Despite the ever-increasing amount of communication applications, email remains and is likely to remain the primary method of communicating important information between employees and customers.
We use it to verify our identity, send our thanks or apologies, invoices, offers, and information amongst many other vital things. It is something we demand and depend upon if we are to interact smoothly with our partners and clients. Yet many of us don’t require or at least practice security standards that befit such an essential and often sensitive act.
Startling is that the writing is on the wall when it comes to email security!
What the Stat’s Say
The first point to note is that the Verizon 2018 Data Breach Investigation Report found that 50% of attacks and data breaches are now carried out by organised criminal groups. These groups are well financed, organised and motivated.
While a recent white paper published by Barracuda revealed startling statistics.
In February 2018 there was:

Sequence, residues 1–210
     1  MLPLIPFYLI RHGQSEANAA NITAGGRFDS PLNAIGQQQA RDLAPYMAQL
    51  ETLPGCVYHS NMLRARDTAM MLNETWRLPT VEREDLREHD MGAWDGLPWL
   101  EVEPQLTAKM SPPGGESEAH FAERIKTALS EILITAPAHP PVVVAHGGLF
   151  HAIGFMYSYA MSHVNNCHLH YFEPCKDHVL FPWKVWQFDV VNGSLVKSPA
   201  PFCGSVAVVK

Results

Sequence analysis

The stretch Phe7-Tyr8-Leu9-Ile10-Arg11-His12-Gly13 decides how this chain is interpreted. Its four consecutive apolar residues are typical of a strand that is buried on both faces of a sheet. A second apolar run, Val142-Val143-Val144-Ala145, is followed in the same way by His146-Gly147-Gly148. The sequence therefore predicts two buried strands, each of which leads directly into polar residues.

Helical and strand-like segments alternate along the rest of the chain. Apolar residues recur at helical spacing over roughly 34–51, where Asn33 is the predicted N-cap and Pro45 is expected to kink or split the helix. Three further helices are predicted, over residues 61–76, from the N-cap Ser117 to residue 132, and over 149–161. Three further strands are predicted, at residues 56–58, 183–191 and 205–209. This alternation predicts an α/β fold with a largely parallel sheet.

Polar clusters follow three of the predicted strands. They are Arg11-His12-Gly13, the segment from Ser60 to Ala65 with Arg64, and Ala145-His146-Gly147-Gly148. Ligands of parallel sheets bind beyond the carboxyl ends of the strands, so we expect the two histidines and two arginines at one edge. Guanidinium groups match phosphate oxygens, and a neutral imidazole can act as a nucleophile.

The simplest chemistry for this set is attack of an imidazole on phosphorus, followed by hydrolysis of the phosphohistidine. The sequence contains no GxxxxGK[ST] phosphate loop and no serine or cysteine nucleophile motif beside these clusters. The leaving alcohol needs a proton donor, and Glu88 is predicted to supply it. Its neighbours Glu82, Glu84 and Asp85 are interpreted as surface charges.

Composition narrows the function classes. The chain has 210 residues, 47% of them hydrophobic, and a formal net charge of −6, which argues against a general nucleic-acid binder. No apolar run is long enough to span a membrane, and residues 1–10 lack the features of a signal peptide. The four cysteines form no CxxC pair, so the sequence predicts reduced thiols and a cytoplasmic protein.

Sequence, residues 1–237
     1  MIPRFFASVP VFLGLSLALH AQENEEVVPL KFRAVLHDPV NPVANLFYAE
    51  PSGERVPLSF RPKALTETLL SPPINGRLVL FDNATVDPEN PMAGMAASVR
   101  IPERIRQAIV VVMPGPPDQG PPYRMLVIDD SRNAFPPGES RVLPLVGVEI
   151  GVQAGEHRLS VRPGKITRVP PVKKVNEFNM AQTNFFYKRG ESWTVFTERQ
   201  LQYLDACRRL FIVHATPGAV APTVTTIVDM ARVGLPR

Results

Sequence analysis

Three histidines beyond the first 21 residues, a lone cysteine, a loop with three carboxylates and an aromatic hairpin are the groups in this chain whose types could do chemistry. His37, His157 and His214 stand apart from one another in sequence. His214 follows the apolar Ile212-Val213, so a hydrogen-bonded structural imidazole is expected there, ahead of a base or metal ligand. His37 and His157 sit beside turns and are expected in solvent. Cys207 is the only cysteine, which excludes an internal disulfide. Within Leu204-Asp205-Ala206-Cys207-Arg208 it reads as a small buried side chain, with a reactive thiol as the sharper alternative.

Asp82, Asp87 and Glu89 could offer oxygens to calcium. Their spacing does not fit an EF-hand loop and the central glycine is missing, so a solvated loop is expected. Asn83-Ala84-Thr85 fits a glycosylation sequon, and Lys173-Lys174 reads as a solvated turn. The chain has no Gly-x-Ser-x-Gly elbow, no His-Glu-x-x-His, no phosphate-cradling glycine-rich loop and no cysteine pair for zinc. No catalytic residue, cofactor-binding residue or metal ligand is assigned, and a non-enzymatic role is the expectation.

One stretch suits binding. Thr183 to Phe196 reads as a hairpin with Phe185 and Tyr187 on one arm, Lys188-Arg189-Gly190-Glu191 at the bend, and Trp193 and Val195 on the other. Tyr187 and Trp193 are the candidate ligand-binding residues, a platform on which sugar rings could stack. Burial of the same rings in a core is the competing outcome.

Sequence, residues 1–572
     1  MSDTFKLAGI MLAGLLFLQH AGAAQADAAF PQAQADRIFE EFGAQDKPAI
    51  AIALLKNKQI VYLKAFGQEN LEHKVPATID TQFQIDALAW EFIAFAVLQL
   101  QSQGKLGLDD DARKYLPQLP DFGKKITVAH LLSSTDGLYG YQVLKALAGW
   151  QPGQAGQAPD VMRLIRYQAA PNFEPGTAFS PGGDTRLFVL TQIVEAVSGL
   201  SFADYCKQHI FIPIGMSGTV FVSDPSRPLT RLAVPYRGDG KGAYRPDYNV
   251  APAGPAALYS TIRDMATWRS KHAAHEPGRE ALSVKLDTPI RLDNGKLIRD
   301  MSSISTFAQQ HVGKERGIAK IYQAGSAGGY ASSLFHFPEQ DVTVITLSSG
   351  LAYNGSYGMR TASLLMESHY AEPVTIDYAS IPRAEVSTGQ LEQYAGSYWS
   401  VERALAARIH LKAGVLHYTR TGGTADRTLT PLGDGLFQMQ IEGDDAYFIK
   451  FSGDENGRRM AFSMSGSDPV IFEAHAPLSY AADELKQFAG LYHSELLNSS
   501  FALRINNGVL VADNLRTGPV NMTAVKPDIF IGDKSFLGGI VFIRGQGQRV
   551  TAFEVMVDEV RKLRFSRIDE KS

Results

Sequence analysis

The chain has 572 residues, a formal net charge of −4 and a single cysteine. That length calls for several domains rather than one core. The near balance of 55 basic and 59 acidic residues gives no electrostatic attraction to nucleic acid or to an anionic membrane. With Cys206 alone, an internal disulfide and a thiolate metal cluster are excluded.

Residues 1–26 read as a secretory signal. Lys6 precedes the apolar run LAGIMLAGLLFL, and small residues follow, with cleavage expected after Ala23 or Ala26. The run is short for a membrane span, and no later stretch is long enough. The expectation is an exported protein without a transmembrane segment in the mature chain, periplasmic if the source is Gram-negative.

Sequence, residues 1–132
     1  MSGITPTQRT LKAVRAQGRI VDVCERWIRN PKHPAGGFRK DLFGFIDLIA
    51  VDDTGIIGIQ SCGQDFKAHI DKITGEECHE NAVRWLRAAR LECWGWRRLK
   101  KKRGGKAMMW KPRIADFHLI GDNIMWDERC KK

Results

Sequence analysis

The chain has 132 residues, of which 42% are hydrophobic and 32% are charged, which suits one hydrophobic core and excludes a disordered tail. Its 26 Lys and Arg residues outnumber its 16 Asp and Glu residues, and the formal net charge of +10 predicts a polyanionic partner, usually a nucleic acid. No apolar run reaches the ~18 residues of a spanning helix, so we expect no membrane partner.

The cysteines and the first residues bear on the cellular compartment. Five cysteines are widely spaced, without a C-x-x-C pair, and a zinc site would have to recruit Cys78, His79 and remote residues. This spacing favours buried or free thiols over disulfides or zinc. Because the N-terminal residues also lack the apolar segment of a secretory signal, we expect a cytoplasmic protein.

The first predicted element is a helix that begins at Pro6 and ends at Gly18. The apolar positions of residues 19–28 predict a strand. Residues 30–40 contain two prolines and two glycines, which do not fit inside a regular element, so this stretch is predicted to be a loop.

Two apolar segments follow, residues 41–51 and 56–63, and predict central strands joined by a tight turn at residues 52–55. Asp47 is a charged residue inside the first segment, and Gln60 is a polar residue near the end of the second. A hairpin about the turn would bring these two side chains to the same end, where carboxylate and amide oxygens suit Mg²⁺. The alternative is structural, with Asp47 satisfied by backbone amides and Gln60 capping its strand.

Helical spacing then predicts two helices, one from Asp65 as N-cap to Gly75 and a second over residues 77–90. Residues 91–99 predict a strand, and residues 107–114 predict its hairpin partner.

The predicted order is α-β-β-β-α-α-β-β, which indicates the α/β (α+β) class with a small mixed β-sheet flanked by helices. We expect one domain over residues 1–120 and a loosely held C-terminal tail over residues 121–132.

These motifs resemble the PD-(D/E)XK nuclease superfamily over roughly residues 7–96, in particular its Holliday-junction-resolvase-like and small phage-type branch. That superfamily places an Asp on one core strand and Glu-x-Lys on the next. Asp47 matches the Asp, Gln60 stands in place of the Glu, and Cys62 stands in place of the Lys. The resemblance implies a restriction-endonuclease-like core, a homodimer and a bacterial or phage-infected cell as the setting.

- One piece of malware for every 645 emails
- One phishing attempt in every 3,331 emails
While Mailguard reports that:
- 90% of internet cybercrime is perpetrated via email
- 97% of people cant discern a legitimate email from a fraudulent one
- 25% of people click on dangerous links
How it Works
Email attacks come in many forms with differing objectives. However, we can pick out some common methods favoured by malicious actors.
General Phishing - Phishing email attacks are often carried out on a massive scale, targeting large audiences. They are often crude with identifying features that reveal their true nature.
Attacks work by trying to trick a user into providing personal credentials or sensitive information.
A common trait within phishing emails will be to present an urgent notice to the user, requesting a password reset or personal information.
Phishing attacks while not highly sophisticated, depend on deception and carelessness.
Business Email Compromise (BEC) - BEC attacks present a far more sophisticated operation when compared to mass phishing attacks.
The financial reward involved in a successful business attack, means malicious actors are willing to spend more time creating sophisticated methods to fool them.
There are five main types of BEC attack.
CEO Scam - This may be the most infamous email attack.
In this scenario, malicious actors pose as the company CEO emailing employees in finance, requesting the immediate release of funds into an account they control.
The scam works by leveraging the authority a CEO has over a regular employee. Malicious actors bank on this authority being enough to pressure an individual into fulfilling a request.
NOTE: they also use a distressed or hostile tone to add further pressure.